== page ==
Sub-genre: Pirates, historical fiction, YA
Rating: 4 pints of blood
I'm a real sucker for a lovely cover, and I love this one. It just really works for me: the simple design, the colour scheme, the font. The girl playing with a ship in the eye socket of a skull. Wonderful!
Infamous and bloodthirsty, teenage pirate Emer is all set to leave her days plundering the Spanish in the Caribbean behind and sail off with her long-lost and new-found love, Seanie, and their treasure for Ireland, when she is killed by an old enemy and cursed to live the life of a hundred dogs.
A hundred dogs and about three hundred years later, Emer is reborn in 1972 as Saffron Adams - with all her memories intact, memories of being Emer and of being numerous dogs all over the world. The last child of five born to alcoholic and depressive parents living in Pennsylvania, she wants only to get through school, grab a shovel and head back to Jamaica to dig up her treasure. While she waits she imagines all the colourful ways she can flog, dismember and otherwise torture the people in her life who annoy the crap out of her, in true Emer style.
The Dust of 100 Dogs is told from three perspectives and two timelines: Saffron's first person narration in her present (leading up to 1990); Emer growing up in Ireland in the 1650s, escaping Cromwell, fleeing Paris and ending up captain of an impressive pirate fleet in the Caribbean; and the mildly insane Fred Livingstone, an ageing but still wealthy real estate broker living in Jamaica with his much-abused dog Rusty - also in Saffron's present. All three narratives navigate towards each other to reach a conclusion that's 100 dogs in the making.
Emer and Saffron are wonderful characters, leading different lives, never quite the same person and yet similar enough in ways, both living through tumultuous times and with difficult people. Through it all she - they? - narrates with dark irony, a measure of contempt and a swig of childish enthusiasm. While she's not entirely loveable or even, at times, likeable, she's still charismatic, interesting (never dull), and sympathetic. Both Emer and Saffron present different social issues: Emer of girls and women sold like chattel to men, slaving their lives away in some cases and never taken seriously enough; and Saffron of parents who have grand dreams for their children, pressuring them to live the lives they never could, pinning all their hopes on them and then being upset when they rebel. Both Emer and Saffron speak for a great many teenagers, especially but not exclusively girls, as they try to stand up for themselves. So it's not hard to cheer Emer on as she kills a would-be rapist with a rock, or storms a ship's deck with a cutlass in hand.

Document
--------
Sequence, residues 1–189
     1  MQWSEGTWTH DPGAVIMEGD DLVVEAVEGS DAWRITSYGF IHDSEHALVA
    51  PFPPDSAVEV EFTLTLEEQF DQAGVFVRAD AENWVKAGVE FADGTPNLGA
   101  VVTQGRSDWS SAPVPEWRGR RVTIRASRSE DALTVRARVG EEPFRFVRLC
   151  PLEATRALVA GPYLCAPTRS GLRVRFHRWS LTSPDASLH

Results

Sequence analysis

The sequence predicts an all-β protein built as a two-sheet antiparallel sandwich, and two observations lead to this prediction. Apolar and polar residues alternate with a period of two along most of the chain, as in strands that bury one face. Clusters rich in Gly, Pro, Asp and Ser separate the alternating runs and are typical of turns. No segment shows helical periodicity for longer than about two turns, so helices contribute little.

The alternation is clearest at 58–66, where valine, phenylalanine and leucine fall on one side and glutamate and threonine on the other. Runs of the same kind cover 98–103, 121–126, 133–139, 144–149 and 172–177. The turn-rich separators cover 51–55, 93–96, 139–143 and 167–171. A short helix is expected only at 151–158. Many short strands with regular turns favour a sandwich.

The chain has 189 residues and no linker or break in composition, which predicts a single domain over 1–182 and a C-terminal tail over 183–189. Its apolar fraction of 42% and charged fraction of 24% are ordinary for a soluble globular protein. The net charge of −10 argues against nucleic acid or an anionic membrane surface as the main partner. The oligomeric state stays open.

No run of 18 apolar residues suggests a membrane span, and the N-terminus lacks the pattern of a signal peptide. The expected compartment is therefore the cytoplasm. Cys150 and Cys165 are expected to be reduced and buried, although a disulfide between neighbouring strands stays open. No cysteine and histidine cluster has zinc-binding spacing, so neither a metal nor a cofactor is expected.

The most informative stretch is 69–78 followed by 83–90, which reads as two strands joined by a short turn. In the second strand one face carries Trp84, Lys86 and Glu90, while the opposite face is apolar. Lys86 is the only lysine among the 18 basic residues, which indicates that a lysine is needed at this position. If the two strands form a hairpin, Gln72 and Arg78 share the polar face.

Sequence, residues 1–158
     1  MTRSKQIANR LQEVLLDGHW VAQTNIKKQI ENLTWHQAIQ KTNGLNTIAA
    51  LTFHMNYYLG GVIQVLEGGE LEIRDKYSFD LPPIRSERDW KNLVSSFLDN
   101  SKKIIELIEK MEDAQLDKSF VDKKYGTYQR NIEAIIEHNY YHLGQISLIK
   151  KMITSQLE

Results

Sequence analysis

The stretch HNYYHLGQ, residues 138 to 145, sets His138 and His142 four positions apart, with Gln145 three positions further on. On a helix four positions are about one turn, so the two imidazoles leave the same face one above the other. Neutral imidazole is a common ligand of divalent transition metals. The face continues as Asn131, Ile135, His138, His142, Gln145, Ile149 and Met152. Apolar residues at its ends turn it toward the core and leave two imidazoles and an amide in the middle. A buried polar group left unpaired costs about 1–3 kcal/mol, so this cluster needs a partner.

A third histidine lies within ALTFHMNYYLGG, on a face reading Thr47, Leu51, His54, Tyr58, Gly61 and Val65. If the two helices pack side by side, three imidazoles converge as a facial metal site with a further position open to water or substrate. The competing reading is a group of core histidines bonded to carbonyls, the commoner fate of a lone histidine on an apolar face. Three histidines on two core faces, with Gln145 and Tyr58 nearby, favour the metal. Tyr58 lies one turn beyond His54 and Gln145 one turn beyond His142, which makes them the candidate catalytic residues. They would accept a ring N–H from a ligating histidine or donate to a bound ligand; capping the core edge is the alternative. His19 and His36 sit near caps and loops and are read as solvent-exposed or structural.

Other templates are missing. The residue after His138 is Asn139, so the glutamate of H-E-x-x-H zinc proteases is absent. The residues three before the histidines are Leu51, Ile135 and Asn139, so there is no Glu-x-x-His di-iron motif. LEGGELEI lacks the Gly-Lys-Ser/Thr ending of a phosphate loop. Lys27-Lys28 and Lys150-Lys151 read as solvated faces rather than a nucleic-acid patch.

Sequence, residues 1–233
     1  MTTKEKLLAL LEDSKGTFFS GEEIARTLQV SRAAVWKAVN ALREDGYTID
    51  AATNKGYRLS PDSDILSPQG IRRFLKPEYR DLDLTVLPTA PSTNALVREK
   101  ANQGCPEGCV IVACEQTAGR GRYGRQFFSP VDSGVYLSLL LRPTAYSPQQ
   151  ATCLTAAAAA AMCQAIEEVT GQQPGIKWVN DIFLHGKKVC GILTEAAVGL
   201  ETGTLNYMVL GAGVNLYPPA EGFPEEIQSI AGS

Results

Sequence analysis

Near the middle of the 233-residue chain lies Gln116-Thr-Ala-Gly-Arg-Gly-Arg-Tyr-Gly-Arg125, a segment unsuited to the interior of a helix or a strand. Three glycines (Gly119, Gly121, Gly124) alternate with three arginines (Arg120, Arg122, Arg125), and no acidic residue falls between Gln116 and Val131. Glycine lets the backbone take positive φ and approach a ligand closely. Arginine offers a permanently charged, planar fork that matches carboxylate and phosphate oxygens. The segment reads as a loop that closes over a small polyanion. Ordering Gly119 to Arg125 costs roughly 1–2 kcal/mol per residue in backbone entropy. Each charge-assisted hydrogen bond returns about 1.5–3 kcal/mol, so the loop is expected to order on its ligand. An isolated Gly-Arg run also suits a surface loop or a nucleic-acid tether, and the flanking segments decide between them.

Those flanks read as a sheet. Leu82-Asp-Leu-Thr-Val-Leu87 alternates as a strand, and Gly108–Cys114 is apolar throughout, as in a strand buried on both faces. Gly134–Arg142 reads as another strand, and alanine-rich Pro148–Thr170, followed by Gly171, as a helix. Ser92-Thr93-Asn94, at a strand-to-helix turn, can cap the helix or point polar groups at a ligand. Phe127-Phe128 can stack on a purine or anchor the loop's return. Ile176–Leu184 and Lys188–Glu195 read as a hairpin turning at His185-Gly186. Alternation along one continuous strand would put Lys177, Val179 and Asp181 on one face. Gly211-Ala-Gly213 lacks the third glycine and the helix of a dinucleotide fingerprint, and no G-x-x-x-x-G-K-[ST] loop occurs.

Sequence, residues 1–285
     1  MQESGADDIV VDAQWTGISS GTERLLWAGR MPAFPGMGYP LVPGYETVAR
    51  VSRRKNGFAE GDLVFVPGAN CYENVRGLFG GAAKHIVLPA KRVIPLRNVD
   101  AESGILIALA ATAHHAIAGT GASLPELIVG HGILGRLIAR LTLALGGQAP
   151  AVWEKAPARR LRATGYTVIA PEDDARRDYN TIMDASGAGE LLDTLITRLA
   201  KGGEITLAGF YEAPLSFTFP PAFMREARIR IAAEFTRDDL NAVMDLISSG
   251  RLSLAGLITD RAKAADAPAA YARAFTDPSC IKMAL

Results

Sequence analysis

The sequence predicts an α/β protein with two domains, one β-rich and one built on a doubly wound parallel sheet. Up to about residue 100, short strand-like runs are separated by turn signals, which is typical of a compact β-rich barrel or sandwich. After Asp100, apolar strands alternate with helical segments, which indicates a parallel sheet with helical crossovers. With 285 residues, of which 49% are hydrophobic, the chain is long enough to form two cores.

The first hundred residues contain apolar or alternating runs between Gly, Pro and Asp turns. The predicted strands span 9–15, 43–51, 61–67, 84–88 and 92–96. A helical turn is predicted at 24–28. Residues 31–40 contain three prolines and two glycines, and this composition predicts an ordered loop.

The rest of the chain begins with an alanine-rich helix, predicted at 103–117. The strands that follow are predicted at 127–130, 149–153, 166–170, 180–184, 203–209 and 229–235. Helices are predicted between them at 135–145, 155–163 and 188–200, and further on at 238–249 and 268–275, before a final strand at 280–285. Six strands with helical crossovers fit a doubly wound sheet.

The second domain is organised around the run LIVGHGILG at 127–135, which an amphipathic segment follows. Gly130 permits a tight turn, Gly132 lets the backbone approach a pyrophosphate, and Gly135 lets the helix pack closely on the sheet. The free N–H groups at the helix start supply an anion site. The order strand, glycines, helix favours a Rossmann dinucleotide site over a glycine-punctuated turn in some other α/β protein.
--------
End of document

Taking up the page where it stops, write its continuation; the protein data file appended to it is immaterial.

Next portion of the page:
Livingstone was another well-drawn, cleverly crafted character. At first, when he suddenly turns up in the story, I wasn't sure why he was there, but I trusted King that there was a good reason - and there is. He was a mix of brutish fear and cowardly ego, and perversity as he ogles the girls on the beach and imagines conversations in his head where he flirts with them and invites them to dinner. He's a sad man driven to quick rages and you can only feel terribly sorry for poor Rusty the doberman.
Speaking of dogs, interspersed throughout the novel are six dog facts that cleverly reinforce, mirror or complement whatever part of the story they interrupt. You can tell that King is a dog person, and her insights into the nature of dogs - from Saffron's perspective, and she's had a lot of experience! - are great for dog lovers and people, like me, who would like a dog one day but don't really understand them or know what to do with them.
After a bit of a slow start while you get your footing with Saffron's dry, unloving narration (she does have some familial feeling but, knowing exactly where she's come from, she never really sees herself as their daughter or part of their family, which is a bit sad really), the story really picks up as it weaves through time and adventures and gets quite exciting. A wonderful tale of adventure on the high seas (I love that phrase!) and teenage impatience; young love and loss and sheer determination.